Jul 6, 2009
67
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Status
Pre-Medical
I am not sure how much most of the members on SDN do outside reading, reading materials outside of your science textbooks, your MCAT review books, and SDN threads. Regardless, I want to start this thread to highlight a new angle on a topic that has been discussed by writers, thinkers, and researchers for the longest time: What makes someone truly great at something?

Of course, everyone here has theorized on this topic and has arrived at his or her own conclusion on what it takes to be great. But the new angle that I mentioned above is being underscored by writers who have researched something that is known as "deliberate practice." This concept has been touched upon in books such as Malcolm Gladwell's Outliers, Geoff Colvin's Talent is Overrated, and another one titled The Talent Code (forgot the name of the author). In these books, the authors focus on the habits of the world's most successful people and have arrived at the conclusion that each one has practiced his or her respective craft to an almost-unprecedented extent, much beyond their own natural limits and abilities. Now, I know this concept may not seem novel or innovative to many of you but the authors are really focusing on this thing called "deliberate practice," which is not practice in the common "practice will make you perfect" kind of way.

Deliberate practice is a specific kind of practice in which the performer zooms in on aspects of a skill that need to be strengthened and then working on them with discipline and repetition. Deliberate practice also makes use of a good system of feedback which could come from a friend, a tutor, and so on and so forth.

If you google "deliberate practice," you will see more information on this technique.

So I want to know what you all think about deliberate practice in relation to the MCAT. Can the same concept be applied to tackle this beast of an exam? In my opinion, yes. Some people may require more practice than others but with the use of deliberate practice, scoring a high score on the exam is never beyond the reach of anyone here. It simply requires the ability to identify weaknesses and focus on them until your brain bleeds; it requires the discipline to repeat passages and practice problems that focus on your weakness until you can't take it anymore; it requires a good feedback system (mine is SDN) that will take a look at what you need to focus on, review your results, and offer the feedback necessary to go back and fill in the gaps in your studying.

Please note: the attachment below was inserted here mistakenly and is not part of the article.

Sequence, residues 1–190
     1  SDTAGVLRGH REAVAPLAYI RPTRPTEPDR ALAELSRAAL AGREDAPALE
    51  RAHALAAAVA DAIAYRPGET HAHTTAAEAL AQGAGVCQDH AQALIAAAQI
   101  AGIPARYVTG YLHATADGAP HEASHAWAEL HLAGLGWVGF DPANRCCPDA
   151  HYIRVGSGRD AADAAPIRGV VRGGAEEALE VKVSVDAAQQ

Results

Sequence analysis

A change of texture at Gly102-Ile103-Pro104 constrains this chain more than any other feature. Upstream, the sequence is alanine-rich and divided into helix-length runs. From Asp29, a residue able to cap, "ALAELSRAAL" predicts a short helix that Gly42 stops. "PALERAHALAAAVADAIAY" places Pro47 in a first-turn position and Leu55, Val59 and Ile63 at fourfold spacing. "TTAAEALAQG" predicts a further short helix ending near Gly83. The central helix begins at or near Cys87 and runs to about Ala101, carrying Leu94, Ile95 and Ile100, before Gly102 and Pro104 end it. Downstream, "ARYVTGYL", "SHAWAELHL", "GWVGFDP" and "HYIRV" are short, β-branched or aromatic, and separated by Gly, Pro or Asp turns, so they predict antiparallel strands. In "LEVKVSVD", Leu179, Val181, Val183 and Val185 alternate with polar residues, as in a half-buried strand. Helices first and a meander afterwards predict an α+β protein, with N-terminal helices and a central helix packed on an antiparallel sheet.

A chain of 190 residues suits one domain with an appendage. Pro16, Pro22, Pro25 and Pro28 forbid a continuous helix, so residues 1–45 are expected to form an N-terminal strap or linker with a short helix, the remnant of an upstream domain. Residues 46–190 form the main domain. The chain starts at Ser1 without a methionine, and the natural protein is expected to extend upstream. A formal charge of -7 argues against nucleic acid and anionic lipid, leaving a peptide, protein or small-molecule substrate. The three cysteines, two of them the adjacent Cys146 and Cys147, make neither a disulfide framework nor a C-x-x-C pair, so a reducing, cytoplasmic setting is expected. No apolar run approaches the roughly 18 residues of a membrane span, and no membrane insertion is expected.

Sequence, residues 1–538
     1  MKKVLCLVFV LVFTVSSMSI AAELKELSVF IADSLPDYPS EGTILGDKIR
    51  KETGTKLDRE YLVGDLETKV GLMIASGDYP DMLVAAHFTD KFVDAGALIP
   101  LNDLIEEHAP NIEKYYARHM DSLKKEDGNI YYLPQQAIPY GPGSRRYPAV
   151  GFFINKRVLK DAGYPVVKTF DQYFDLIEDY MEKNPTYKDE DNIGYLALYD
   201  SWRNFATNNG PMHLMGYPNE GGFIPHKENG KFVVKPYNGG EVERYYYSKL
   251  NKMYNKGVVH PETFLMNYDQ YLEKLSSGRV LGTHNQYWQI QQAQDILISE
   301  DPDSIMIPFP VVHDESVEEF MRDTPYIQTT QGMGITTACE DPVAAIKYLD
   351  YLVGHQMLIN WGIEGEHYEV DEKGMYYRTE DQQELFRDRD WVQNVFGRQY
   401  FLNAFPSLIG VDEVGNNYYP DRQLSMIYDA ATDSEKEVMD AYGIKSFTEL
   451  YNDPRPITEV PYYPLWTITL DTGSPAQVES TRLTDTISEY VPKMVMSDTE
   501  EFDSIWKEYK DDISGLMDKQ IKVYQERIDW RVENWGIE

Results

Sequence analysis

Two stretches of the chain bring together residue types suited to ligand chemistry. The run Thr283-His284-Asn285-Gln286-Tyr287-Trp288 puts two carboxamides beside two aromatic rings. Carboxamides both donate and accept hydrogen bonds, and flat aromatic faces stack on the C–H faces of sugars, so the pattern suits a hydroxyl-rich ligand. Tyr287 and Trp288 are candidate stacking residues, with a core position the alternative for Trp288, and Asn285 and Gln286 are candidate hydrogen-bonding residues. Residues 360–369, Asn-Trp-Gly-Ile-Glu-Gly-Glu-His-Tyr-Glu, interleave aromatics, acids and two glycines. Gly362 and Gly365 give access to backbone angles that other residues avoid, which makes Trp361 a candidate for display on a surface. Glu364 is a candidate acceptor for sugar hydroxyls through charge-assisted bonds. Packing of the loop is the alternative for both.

LostInStudy

10+ Year Member
7+ Year Member
Jan 14, 2008
773
2
Status
Pre-Medical
I am not sure how much most of the members on SDN do outside reading, reading materials outside of your science textbooks, your MCAT review books, and SDN threads. Regardless, I want to start this thread to highlight a new angle on a topic that has been discussed by writers, thinkers, and researchers for the longest time: What makes someone truly great at something?

Of course, everyone here has theorized on this topic and has arrived at his or her own conclusion on what it takes to be great. But the new angle that I mentioned above is being underscored by writers who have researched something that is known as "deliberate practice." This concept has been touched upon in books such as Malcolm Gladwell's Outliers, Geoff Colvin's Talent is Overrated, and another one titled The Talent Code (forgot the name of the author). In these books, the authors focus on the habits of the world's most successful people and have arrived at the conclusion that each one has practiced his or her respective craft to an almost-unprecedented extent, much beyond their own natural limits and abilities. Now, I know this concept may not seem novel or innovative to many of you but the authors are really focusing on this thing called "deliberate practice," which is not practice in the common "practice will make you perfect" kind of way.